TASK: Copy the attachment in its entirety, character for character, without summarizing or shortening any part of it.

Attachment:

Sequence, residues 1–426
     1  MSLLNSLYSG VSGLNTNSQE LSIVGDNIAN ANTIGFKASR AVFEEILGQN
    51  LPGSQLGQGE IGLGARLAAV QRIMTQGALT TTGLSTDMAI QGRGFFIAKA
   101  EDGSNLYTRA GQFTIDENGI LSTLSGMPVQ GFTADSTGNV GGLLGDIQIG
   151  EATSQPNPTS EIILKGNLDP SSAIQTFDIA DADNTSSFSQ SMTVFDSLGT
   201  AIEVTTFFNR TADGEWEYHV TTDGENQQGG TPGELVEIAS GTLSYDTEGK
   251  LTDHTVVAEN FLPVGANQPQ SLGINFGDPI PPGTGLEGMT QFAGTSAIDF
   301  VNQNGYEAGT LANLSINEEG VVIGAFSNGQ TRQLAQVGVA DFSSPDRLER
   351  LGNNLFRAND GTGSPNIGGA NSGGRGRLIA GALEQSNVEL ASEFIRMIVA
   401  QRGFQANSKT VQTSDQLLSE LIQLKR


Sequence, residues 1–426
     1  MSLLNSLYSG VSGLNTNSQE LSIVGDNIAN ANTIGFKASR AVFEEILGQN
    51  LPGSQLGQGE IGLGARLAAV QRIMTQGALT TTGLSTDMAI QGRGFFIAKA
   101  EDGSNLYTRA GQFTIDENGI LSTLSGMPVQ GFTADSTGNV GGLLGDIQIG
   151  EATSQPNPTS EIILKGNLDP SSAIQTFDIA DADNTSSFSQ SMTVFDSLGT
   201  AIEVTTFFNR TADGEWEYHV TTDGENQQGG TPGELVEIAS GTLSYDTEGK
   251  LTDHTVVAEN FLPVGANQPQ SLGINFGDPI PPGTGLEGMT QFAGTSAIDF
   301  VNQNGYEAGT LANLSINEEG VVIGAFSNGQ TRQLAQVGVA DFSSPDRLER
   351  LGNNLFRAND GTGSPNIGGA NSGGRGRLIA GALEQSNVEL ASEFIRMIVA
   401  QRGFQANSKT VQTSDQLLSE LIQLKR